With the continued push to reduce energy consumption in both the US and abroad the discussion about the feasibility of utilizing heat pumps in the United States has begun to heat up. Traditionally the refrigeration industry has been most interested in the low-pressure cold side of the refrigeration process, but what about all the energy just being dumped away on the high-pressure high temperature side? What if we used the refrigeration process to heat a space rather than cool it? Or what if we cooled one space while heating another space or process? Heat pumps could allow us to more effectively heat, better utilize once wasted energy, and reduce the carbon footprint of our manufacturing facilities or homes.
Heat pumps are a hot topic at tradeshows in recent years and are even the subject of the article “Heat Pumps Hold Potential in Household and Commercial Applications” in the May 2023 Issue of CONDENSER magazine from the IIAR. As the article points out, heat pumps allow us to more effectively use all the energy brought into a space, whether it is industrial, commercial, or even household. Because heat pumps can achieve a coefficient of performance above 1, they can provide more efficient heating for some applications. Heat pumps can really shine when utilized in buildings that need both heating and cooling, effectively killing two birds with one stone. Luckily, it is very common to need both heating and cooling in most production facilities, so the idea is very applicable to industry.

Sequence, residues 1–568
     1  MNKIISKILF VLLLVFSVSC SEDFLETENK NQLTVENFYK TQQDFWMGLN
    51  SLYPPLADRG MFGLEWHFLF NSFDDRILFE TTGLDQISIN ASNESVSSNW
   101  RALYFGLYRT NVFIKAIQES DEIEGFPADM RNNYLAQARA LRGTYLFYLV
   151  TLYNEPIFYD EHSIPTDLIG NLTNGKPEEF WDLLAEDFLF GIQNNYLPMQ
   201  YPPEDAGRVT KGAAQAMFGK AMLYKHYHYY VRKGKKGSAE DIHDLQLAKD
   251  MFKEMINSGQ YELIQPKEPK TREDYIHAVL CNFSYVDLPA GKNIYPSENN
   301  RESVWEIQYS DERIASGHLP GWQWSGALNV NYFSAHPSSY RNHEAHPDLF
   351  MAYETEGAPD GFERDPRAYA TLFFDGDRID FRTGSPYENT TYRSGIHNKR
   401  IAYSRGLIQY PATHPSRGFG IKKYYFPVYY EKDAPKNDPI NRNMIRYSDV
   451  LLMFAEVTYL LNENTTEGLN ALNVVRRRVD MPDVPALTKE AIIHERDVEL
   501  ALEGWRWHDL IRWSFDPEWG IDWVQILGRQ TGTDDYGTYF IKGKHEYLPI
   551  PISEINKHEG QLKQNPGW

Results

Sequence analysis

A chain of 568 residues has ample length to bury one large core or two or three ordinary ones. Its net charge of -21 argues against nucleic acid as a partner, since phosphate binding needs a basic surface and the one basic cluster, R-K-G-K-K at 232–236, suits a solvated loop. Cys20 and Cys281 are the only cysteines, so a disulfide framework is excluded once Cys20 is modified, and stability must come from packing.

The push for electrical efficiency isn’t the only reason for the buzz around heat pumps. The rise of CO2 in refrigeration has also been supportive. CO2 heat pumps generate high quality heat that can be utilized to heat air or water. This will likely shorten the payback period on a heat pump and reduce the facilities overall carbon emissions in the process. Many businesses in the US volunteer to reduce their carbon emissions and may even pay money to “sponsor” other companies to reduce their carbon emissions. This may make the use of heat pumps more feasible even in areas where electricity is relatively inexpensive and therefore a traditional payback period might not be achievable.
Heat pumps are currently best utilized as part of an overall system, but still work best with traditional utilities to do the extra work that the heat pump can’t. However, that doesn’t mean they don’t have a place in the industry. With the current focus on decarbonization, efficiency, and the rise of CO2 refrigeration, it is likely we will continue to see the US adopt heat pumps more in the near future. If this sounds interesting to you, Carlson and Stewart Refrigeration would be happy to help you discuss a heat pump and/or CO2 refrigeration project.